So, the main game is all well and good, and despite a few entries in the 'cons' category, it comes out very much in credit. It is an enjoyable game, it gets rid of a lot of the weird crafting that meant I had to skin a rare warthog to craft a bigger wallet, which is a welcome change, and the AI companions in the game - in a rare video game success - aren't even that annoying. There are nine companions in total, and while Grace and Jess — the sniper and bow stealth companions — were firm favourites, I spent a bit of time with each of them. When Cheeseburger the bear gets taken out after sustained gunfire, you can get him back to his feet by stroking his head. I'd recommend it.
But there's a whole chunk of the game that hasn't been touched here: Far Cry Arcade. Far Cry Arcade is a multiplayer mode, infinite content provider, and a map editor, and it's ace. Perks from the single-player campaign carry over here, but you also level up as a separate thing. After finishing the main game I spent a lot of time charging around exploring other players' creations, and while the map editor was a little involved for me, I explored a remake of famous Counter Strike level Dust_2 in addition to a variety of things no less impressive but much more imaginative. Far Cry Arcade could, with regular content drops and a bit of attention from Ubisoft, provide months of fun. As it stands, it's a lovely addition and rounds out an already strong package.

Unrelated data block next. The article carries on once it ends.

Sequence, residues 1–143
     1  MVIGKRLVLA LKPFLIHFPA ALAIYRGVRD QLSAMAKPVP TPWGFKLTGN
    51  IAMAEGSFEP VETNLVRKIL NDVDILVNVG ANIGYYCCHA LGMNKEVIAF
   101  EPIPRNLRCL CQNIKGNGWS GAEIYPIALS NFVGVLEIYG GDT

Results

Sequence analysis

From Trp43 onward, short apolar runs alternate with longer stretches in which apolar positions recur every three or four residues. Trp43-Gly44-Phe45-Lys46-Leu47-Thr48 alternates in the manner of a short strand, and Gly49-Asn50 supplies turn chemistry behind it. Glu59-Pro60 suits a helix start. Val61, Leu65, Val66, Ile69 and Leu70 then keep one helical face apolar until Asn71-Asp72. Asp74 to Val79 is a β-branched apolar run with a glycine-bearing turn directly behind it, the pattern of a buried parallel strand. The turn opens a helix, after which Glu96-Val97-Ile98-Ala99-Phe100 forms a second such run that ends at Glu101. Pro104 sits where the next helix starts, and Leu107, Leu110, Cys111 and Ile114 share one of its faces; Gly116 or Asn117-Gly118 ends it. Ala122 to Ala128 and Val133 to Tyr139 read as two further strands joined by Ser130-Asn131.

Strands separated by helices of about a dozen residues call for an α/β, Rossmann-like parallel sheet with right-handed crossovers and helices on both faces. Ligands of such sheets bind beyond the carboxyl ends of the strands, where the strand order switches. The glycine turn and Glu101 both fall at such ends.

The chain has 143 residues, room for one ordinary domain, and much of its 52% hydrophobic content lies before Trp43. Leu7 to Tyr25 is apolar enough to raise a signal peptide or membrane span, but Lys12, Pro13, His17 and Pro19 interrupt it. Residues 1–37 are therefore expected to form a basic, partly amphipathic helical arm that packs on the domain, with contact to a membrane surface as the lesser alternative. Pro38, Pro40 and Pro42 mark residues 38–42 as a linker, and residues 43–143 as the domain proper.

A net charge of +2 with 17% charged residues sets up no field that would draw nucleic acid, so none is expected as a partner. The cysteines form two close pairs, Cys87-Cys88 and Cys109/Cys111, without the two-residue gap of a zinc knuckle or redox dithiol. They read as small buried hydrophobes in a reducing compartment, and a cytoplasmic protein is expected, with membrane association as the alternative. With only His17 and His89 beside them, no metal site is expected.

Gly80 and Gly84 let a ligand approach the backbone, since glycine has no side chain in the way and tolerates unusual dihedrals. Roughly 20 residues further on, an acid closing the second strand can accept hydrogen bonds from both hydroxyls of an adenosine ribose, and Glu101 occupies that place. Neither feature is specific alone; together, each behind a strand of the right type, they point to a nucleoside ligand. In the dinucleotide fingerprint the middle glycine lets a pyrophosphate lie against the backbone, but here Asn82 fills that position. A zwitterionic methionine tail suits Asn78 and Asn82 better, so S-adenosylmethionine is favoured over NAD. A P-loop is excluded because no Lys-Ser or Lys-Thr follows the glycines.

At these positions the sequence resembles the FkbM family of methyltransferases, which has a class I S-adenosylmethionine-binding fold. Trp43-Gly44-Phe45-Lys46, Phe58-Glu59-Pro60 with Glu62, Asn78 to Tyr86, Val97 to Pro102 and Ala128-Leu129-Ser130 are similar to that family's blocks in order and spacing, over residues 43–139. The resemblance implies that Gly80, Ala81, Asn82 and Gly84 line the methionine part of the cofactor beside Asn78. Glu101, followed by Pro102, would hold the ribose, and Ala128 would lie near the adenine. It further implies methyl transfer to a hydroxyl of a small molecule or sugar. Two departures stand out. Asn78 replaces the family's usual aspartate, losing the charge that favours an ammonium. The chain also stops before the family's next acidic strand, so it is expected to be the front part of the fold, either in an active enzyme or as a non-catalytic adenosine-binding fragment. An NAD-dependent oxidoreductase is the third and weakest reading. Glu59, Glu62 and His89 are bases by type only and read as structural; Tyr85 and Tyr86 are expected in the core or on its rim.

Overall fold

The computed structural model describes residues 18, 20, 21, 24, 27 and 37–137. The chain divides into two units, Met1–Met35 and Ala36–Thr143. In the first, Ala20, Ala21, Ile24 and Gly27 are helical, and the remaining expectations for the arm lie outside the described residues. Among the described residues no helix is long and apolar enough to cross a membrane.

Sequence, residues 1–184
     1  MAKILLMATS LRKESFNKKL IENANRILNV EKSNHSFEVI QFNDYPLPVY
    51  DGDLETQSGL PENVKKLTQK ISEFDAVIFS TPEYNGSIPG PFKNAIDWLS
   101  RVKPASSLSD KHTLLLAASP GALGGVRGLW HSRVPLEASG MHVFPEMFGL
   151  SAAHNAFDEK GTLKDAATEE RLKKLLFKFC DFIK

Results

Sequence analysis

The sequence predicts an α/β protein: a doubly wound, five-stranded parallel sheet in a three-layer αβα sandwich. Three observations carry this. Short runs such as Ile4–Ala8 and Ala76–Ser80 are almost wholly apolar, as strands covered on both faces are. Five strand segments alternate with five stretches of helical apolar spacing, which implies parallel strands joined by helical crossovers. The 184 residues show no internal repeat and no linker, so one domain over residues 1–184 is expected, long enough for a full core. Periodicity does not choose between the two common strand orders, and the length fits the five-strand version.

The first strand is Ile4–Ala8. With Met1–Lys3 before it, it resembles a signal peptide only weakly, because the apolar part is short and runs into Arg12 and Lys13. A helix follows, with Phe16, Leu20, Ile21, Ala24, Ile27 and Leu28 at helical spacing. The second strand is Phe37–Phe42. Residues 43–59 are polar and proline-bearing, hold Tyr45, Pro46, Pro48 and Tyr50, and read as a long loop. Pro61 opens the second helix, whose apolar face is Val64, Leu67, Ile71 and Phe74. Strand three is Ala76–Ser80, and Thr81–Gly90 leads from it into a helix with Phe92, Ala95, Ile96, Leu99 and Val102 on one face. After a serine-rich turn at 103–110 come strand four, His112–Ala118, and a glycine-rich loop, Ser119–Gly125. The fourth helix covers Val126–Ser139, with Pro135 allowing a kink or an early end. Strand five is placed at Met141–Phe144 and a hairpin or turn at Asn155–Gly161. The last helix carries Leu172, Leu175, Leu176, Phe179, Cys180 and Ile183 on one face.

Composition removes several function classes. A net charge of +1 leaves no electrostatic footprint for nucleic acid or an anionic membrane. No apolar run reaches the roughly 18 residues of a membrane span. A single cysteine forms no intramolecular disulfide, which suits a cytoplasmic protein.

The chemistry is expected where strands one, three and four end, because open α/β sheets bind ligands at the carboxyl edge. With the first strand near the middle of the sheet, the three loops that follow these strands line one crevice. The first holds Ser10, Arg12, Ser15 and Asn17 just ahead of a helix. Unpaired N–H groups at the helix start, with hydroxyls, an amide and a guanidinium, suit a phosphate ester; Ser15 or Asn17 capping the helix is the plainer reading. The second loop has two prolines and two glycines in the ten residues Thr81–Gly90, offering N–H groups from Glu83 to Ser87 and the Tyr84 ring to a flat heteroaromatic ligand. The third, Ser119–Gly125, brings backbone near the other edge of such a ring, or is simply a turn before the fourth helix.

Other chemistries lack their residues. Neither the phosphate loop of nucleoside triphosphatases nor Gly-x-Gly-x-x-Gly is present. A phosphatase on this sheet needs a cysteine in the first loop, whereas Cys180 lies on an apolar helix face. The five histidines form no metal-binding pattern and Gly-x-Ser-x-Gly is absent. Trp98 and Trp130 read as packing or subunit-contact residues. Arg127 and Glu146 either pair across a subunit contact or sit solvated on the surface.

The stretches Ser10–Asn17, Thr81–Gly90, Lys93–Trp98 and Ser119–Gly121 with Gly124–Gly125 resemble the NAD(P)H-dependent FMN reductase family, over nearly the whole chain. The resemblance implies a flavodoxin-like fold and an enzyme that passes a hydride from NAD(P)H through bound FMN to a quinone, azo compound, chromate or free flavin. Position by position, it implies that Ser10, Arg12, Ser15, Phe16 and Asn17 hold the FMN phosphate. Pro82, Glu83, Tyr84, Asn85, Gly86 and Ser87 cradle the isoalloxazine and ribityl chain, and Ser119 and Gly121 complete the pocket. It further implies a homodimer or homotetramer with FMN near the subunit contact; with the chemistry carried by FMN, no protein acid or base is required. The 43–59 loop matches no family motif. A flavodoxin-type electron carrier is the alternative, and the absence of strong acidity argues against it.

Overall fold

Here, you'll get to explore a lot of things that I sidestepped in the main game, as I was too busy skulking around with a bow and arrow. Want to finish a level taking everyone out by tossing a baseball bat at their head? It's ill-advised, but this is a place to do all the things you didn't get a chance to do in the campaign mode. Far Cry Arcade is made for the ill-advised moments.
Far Cry 5 doesn't do anything particularly new, but it's Ubisoft's open world formula polished to a high shine, and if you're looking for an open-world shooter, it's one of the best on the market right now, even if it plays it too safe in a lot of areas.